A cholera epidemic has claimed 35 lives in Niger, the health ministry of the poor Sahel nation said Thursday.
More than 800 cases have been recorded across the West African country including in the capital Niamey, it said.
The highly contagious disease is caused by bacteria transmitted by dirty water, resulting in severe diarrhoea which can lead to death.
The outbreak began in regions bordering Nigeria, where a cholera outbreak has killed more than 800 people since the start of the year.
On Monday the caseload in Niger rose to 845 and the death toll to 35—a mortality rate of 4.2 percent, according to figures released Thursday by the ministry’s epidemiology section.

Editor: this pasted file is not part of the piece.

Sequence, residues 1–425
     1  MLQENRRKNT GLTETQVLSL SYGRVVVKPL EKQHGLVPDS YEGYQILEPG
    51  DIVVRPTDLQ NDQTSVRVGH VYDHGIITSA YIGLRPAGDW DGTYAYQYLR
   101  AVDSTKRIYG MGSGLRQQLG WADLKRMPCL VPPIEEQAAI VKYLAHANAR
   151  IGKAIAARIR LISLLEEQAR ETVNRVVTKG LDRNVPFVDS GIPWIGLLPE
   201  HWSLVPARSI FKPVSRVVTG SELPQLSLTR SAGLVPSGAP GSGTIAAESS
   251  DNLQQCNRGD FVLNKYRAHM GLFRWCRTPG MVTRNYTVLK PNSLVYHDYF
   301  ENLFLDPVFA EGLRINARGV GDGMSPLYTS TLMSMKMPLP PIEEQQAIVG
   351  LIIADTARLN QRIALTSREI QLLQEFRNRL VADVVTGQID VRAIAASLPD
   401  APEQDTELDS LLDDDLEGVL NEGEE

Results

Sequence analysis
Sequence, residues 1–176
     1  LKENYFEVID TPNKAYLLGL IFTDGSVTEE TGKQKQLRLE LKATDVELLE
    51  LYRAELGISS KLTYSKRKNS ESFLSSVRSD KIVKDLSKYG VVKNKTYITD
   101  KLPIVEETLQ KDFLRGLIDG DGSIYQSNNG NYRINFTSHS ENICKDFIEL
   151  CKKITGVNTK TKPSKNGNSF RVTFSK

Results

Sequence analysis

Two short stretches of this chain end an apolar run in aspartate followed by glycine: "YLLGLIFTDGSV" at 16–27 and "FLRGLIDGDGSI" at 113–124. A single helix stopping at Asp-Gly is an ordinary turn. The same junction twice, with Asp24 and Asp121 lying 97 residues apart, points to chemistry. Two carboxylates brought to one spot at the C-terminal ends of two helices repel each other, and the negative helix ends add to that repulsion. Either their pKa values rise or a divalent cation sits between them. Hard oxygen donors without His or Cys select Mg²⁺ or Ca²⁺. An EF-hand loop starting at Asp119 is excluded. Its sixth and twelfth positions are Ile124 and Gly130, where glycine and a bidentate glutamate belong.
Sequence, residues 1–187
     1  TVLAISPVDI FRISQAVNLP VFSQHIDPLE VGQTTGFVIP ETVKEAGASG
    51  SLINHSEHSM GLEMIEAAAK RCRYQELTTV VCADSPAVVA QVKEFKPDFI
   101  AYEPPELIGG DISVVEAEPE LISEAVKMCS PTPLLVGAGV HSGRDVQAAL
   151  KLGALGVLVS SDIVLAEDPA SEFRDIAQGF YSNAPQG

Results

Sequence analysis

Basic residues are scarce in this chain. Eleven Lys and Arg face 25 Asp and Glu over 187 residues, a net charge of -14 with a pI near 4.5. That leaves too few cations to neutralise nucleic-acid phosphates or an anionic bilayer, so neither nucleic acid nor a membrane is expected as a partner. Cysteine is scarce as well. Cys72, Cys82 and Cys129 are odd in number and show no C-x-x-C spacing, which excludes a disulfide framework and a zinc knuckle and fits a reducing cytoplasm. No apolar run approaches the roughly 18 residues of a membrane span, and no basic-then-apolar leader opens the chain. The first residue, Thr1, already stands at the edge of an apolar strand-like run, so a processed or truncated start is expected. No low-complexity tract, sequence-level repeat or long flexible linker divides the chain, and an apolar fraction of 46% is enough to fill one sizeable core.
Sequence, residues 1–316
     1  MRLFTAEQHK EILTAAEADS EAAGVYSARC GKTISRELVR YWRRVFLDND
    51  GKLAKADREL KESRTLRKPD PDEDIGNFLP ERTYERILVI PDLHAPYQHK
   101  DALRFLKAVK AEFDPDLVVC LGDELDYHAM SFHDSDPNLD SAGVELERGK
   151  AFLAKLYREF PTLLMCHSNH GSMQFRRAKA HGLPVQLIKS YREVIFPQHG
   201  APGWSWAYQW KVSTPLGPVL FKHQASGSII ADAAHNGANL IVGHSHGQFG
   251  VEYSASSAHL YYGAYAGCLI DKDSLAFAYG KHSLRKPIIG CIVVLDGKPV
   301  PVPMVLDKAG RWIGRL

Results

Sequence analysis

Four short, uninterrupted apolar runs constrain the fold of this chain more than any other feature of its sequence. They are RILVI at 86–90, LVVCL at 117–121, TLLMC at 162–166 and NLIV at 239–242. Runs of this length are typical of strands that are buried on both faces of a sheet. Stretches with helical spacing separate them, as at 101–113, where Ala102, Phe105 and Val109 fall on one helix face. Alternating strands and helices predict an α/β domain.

State television ran images of two isolation centres that have been set up in Niamey to quarantine children and adults stricken with the disease.
Niger has announced that the World Health Organization (WHO) is to provide medicines and material worth more than 172 million CFA francs ($300,000, 260,000 euros) to help it overcome the epidemic.
Floods resulting from heavy rains in the infected areas have raised fears of a new surge in cholera.
An epidemic in 2018 claimed 78 lives, mainly in areas near Nigeria, according to the WHO.